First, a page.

Walks in Spain
With an area of some 505,000 square kilometres, Spain is well over twice the size of the United Kingdom but with a population nearly 20 million less. It stretches over 1000 kilometres between its Atlantic and Mediterranean coats.
The country has undergone huge change since the end of the Franco dictatorship in the early 1970s and the subsequent rapid development of tourism, particularly along the Mediterranean coastline. Nowadays Spain is amongst the leading European nations and boasts a sophisticated network of motorways and autovias as well as a rapidly developing high-speed railway network. Politically the country is governed centrally from Madrid but is organized into 17 autonomous regions, each with a very high degree of independence and some wanting even more! Perhaps less well known are its two tiny Spanish-controlled enclaves in Morocco; Cueta just opposite Gibraltar and Melilla much further east along the coast near Nador. Both hark back to Spain’s close involvement with Morocco in past years.
Geographically, Spain has vast areas of mountains. In the north along the coast the Cantabrian range which merge further east with the Pyrenees. In the centre to the north of Madrid the Central System which include the Sierra Guadarrama. Further south and north of Seville the Sierra Morena range. Along the Mediterranean coast the Cordillera Penibética including the Sierra Nevada. Historically these mountainous regions have been important sources of mineral wealth and today, with the construction of many reservoirs, continue to provide hydro electricity.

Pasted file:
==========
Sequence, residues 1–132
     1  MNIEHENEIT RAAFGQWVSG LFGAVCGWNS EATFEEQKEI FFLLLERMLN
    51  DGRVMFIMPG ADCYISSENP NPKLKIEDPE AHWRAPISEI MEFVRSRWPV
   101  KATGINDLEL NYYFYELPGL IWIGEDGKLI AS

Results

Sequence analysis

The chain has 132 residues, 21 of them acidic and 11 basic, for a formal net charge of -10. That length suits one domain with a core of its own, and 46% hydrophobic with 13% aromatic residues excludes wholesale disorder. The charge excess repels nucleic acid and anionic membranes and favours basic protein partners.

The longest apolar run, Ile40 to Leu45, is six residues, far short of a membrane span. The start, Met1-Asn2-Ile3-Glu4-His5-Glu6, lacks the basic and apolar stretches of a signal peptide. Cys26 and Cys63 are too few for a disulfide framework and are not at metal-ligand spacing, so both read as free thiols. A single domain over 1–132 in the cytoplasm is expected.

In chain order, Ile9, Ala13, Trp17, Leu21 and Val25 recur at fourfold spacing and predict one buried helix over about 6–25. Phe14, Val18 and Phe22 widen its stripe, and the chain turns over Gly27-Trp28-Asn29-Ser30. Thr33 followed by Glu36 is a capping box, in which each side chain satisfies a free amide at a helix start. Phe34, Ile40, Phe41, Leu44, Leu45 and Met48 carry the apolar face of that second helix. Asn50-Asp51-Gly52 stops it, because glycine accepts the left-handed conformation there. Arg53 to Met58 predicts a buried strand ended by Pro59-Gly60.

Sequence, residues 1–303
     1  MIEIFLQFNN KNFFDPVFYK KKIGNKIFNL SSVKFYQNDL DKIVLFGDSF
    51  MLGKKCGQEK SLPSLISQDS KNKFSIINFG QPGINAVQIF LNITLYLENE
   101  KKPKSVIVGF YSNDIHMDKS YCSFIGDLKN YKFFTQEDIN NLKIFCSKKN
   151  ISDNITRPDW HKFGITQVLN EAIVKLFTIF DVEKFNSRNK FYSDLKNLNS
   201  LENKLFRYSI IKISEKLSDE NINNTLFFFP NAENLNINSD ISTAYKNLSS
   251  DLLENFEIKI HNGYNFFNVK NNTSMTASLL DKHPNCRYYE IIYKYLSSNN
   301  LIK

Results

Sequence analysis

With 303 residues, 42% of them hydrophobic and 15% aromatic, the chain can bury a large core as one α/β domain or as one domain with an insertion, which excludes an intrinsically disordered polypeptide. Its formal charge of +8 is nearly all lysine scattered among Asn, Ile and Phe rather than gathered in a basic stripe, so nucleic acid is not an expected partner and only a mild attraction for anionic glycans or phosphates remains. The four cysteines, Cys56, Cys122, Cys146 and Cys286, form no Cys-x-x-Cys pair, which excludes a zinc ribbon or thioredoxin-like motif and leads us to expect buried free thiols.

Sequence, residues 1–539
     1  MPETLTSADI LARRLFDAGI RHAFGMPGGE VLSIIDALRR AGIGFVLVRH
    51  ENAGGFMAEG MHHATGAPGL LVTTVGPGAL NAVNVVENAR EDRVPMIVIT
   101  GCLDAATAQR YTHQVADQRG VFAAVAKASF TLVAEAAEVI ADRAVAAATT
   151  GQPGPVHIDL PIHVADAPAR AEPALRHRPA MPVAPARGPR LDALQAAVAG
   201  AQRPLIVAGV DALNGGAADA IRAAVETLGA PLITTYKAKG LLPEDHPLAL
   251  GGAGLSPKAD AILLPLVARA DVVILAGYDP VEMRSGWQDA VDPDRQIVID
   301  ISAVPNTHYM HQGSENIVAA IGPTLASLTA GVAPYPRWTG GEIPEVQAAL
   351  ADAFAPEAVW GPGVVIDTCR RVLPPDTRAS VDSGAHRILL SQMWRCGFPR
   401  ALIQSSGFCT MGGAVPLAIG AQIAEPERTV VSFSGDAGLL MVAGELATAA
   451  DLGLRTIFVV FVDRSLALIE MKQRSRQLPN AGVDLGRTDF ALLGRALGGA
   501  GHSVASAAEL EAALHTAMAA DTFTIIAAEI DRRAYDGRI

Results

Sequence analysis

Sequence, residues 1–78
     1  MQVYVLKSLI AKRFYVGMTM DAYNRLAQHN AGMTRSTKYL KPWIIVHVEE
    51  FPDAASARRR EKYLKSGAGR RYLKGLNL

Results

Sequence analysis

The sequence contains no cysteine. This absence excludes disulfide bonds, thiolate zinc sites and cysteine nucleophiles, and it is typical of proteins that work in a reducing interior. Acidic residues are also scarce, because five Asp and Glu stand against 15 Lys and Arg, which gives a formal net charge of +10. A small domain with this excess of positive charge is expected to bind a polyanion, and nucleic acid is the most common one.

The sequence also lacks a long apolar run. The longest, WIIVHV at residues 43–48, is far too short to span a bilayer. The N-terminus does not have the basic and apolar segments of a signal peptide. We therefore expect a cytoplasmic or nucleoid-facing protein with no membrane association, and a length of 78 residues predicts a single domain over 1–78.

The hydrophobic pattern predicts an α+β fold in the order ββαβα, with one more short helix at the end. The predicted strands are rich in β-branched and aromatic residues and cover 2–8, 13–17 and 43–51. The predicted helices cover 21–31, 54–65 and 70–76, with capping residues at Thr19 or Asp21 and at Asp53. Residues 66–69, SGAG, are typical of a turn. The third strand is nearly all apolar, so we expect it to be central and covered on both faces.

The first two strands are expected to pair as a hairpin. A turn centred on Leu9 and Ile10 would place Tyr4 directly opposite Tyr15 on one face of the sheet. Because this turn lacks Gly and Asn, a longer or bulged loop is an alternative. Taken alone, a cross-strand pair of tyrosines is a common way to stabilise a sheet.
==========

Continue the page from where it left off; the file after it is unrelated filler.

As might be expected in a country of such size the climate is extremely varied. The northern areas along the Cantabrian and Pyrenees mountains can be extremely wet and snowy during the winter months. The central areas have great extremes of climate from freezing cold to insufferable heat. Further south, although there is winter snow at altitude, the Mediterranean influence produces a more benign climate generally. Even so, in the summer months 35 degrees centigrade can be expected around Seville for example.
Since the 1980s vast areas of mainland Spain’s wildernesses have now been converted into Natural Parks. An excellent network of reasonably well signed hiking routes are now available along with a chain of visitor centres where people can learn about the wonderful flora and fauna that these parks have. Whichever region you choose to visit, there will be several Natural Parks offering a wide variety of outdoor activities.
Nor should we forget Spain’s two island chains – The Balearic Islands and the Canaries. Here too Natural Parks have been established, particularly necessary given the tourist development, and these areas have also become extremely attractive hiking destinations offering both beauty and very pleasant climates. Both are excellent winter walking destinations.
This vast and fascinating land, with its differing cultures and landscapes, is a truly wonderful country to walk in. The inventory of walks in Spain is increasing steadily and each region has its own particular attractions. Time and climate will play a big part in your choice of where to visit but you can be sure you will not be disappointed whichever part of Spain you choose to walk in.
Please read our article 'Things to remember about walking in Spain' for some tips if you are travelling to the country for the first time. Browse the list below for Walkingworld’s walks in Spain. Note that the grid references in our guides are in UTM WGS84 format - this is also what you should set your GPS to.